4. MaryJane
    October 7, 2011 at 11:11 am

    I just finished teaching primary documents to 5 AP US History classes. Cheryl’s point about recognizing that a source can be a primary or secondary source according to the context is one I tried to get across to my students. We had several good discusions around that point by using examples like Cheryl’s. i hope I said it as clearly as she did.

  5. Dana Carmichael
    October 11, 2011 at 3:50 pm

    I like the idea of context for labeling a source primary or secondary. This may make it easier for students to understand why there are racial biases in Disney movies or fiction books of the day.

  6. Matt Cummings
    October 11, 2011 at 10:25 pm

    I appreciated reading this article, and will use this in my presentation to my fellow teachers on understanding a primary source. I would agree with Neva in that we teachers could really use a step-by-step process to both teach our students and teachers who are new to the site. I hope someone from LOC will create these soon. Great article!

  7. Carol Lee
    October 19, 2011 at 6:51 pm

    Out of curiosity, how would the following be classified? My Great-Great-Great-Grandmother, toward the end of her life was asked by her grandchildren to record all the stories she had told them of her life from leaving Ireland as 6-year-old in the early 1800s, through many other pioneer experiences including being one of the first homesteaders in Nebraska. So she did, and I must say it is fascinating reading. She had some exciting experiences, and of course some sad ones and she had a wonderful sense of humor. She’s telling her own life experiences, but at many years removed from the actual events.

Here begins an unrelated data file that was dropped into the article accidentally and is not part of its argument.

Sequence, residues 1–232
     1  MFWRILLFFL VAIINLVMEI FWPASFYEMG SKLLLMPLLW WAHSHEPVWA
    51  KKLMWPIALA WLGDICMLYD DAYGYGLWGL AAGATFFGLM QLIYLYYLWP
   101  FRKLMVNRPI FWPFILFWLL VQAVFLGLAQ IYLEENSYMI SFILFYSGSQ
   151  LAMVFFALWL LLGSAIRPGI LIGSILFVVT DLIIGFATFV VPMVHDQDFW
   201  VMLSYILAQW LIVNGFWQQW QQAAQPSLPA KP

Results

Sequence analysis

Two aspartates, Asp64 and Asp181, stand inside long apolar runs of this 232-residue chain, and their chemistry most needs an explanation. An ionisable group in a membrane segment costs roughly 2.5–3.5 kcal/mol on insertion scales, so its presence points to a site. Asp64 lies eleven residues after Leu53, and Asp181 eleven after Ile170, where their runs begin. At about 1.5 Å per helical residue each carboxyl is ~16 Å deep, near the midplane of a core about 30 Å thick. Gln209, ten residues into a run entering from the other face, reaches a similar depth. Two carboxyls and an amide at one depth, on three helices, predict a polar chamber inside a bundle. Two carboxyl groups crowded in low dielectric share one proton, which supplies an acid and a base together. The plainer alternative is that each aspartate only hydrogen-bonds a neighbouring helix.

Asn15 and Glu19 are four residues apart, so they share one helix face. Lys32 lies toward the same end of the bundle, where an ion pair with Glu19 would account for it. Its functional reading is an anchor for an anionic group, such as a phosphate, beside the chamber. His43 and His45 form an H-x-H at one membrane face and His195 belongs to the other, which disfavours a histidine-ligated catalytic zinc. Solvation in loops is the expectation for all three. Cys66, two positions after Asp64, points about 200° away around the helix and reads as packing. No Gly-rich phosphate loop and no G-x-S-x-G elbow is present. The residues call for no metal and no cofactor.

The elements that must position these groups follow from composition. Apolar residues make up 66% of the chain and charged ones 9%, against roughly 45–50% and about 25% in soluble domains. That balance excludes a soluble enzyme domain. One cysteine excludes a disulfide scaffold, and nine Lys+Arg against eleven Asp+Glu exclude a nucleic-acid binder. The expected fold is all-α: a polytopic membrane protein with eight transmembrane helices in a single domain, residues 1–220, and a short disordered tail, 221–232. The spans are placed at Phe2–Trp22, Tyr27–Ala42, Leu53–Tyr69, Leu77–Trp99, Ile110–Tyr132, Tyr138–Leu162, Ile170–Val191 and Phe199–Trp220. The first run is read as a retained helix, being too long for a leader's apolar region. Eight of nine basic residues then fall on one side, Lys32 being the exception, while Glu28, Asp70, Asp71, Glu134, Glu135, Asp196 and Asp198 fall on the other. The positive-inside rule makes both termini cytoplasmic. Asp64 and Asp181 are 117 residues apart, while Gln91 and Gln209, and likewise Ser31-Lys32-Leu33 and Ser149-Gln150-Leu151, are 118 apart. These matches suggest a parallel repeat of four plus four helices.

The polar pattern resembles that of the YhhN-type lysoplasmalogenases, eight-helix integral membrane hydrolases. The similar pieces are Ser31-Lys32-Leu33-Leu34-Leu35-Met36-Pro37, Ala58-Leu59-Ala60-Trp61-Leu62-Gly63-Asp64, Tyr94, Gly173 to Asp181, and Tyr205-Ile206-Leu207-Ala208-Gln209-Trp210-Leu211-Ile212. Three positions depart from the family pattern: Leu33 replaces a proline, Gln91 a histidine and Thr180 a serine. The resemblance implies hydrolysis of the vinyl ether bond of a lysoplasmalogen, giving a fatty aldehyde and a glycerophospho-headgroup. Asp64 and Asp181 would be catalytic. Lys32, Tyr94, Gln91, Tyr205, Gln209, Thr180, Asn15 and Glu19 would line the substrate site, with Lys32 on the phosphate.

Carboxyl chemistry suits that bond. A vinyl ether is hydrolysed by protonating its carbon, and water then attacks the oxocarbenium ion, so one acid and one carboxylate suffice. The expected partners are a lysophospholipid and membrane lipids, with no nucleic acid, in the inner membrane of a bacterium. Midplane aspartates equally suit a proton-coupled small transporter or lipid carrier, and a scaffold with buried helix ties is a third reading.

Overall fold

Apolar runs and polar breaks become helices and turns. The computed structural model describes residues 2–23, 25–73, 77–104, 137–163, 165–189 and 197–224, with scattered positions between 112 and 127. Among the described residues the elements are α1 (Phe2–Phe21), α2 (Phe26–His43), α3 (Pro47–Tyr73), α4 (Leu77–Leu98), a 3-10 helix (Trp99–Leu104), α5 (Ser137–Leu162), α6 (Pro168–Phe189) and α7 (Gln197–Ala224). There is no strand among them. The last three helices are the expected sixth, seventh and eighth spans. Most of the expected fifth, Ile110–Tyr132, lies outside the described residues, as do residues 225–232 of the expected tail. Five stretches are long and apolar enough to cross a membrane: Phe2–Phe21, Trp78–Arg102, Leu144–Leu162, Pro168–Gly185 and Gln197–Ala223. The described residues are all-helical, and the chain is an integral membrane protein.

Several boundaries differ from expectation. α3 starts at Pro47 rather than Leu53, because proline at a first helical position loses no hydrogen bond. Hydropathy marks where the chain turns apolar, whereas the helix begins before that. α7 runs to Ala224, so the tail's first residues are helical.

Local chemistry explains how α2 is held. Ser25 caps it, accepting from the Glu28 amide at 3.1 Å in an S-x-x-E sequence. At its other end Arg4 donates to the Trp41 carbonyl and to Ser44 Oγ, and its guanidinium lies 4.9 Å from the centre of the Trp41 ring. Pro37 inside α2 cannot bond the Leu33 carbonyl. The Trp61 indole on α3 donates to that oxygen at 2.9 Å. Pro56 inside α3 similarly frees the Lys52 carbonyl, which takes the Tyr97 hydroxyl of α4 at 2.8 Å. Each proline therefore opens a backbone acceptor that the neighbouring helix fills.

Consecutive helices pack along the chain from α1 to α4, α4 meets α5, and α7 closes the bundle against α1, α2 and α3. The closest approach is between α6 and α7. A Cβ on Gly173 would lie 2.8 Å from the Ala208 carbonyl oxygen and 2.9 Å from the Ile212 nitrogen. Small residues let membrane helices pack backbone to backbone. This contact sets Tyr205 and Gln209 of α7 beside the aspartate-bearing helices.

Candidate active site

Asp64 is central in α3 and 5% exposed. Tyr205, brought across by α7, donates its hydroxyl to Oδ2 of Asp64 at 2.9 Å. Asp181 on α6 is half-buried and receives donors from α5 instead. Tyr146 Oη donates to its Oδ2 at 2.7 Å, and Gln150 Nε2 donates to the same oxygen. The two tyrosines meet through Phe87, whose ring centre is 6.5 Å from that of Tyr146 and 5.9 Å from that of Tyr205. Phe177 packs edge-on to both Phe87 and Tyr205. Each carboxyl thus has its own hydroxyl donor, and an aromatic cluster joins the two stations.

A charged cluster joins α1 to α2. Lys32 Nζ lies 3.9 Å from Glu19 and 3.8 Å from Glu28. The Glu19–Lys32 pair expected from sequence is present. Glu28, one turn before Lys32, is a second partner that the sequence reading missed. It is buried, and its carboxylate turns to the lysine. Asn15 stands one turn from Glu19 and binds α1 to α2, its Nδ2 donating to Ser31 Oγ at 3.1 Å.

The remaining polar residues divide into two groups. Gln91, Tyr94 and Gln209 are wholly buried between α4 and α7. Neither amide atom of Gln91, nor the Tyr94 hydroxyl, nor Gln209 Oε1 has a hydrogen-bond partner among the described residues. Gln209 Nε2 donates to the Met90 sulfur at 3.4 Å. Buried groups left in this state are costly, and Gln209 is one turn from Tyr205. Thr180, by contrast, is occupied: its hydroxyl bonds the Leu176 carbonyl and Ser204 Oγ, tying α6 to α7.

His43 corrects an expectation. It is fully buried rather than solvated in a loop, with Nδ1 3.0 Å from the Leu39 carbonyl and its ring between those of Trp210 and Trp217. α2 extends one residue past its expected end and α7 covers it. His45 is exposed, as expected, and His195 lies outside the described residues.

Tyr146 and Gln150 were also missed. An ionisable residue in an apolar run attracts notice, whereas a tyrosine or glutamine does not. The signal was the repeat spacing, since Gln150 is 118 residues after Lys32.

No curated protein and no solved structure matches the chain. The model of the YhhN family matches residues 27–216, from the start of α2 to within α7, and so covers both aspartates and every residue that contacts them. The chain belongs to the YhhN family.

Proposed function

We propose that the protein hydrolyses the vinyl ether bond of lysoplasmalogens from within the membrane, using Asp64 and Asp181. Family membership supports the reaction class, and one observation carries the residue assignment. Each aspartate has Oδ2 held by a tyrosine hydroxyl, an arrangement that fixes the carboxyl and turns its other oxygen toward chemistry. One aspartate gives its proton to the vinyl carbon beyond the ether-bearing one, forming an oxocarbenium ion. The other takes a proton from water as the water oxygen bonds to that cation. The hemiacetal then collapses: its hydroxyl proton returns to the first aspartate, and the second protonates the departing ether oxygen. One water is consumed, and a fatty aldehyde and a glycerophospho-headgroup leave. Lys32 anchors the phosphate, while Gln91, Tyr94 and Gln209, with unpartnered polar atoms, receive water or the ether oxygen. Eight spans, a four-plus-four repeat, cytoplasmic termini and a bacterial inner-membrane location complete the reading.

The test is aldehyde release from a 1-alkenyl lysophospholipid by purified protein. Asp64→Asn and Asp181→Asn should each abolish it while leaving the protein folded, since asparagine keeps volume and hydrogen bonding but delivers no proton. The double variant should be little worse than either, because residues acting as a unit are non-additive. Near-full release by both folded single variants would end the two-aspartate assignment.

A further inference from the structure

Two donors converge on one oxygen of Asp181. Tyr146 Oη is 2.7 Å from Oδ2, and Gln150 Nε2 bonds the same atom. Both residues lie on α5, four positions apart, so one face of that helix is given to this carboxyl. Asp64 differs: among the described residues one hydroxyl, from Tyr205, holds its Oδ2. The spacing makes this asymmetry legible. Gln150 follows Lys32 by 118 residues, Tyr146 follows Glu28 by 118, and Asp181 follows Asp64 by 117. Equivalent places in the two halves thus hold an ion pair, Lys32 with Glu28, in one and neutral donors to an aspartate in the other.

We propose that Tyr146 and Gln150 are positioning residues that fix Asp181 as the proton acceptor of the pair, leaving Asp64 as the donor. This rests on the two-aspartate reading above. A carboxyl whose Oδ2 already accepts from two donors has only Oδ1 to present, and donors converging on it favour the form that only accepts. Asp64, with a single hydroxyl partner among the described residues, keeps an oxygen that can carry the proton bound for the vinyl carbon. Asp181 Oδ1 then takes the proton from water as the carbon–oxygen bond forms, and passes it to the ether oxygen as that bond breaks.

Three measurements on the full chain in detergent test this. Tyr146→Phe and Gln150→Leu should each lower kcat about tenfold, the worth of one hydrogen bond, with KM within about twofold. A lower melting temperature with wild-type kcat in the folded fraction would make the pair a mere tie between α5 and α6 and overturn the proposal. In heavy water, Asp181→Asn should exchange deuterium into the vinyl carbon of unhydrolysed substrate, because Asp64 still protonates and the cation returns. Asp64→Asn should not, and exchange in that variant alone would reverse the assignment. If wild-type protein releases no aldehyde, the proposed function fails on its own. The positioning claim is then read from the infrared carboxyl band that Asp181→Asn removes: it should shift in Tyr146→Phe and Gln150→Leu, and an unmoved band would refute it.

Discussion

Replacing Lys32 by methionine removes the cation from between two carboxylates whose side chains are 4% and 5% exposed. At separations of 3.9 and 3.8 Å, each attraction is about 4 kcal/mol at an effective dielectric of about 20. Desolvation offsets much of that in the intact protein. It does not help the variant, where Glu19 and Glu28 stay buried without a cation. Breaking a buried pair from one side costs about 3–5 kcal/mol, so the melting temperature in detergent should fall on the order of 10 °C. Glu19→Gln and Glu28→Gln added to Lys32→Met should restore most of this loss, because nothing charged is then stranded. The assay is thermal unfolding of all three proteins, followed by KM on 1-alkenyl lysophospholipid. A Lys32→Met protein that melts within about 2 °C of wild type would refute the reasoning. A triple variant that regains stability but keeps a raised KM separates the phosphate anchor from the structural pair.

8. Trevor
    November 3, 2011 at 3:27 pm

    Great post! When is something a primary source is a great way to frame the question. I like to explain it not as a feature of an object but instead as a feature of the relationship between an object and a question. So, if you are interested in the history of journalism then newspapers are the best primary sources around. If you are interested in the history of how historians have discussed slavery then the articles that historians wrote about slavery are the best primary sources.

    In this case, instead of talking about primary and secondary sources you end up talking about the primacy of a given source for a given question.

    It is fun to stretch this even further. There is some amazing work in environmental history that will look at things like tree stumps as primary sources. In which case the stumps can tell us about things like the weather in the past, the way they are cut can tell us about technologies and the flow of commodities from the time the tree was cut. In short, the tree stump, like all objects has traces of things that happened in the past in and on it and the work of the historian is to read and interpret those traces and weigh the integrity, that is to weigh out exactly what the traces of the past in a given object or artifact are and to interpret and understand it in it’s context.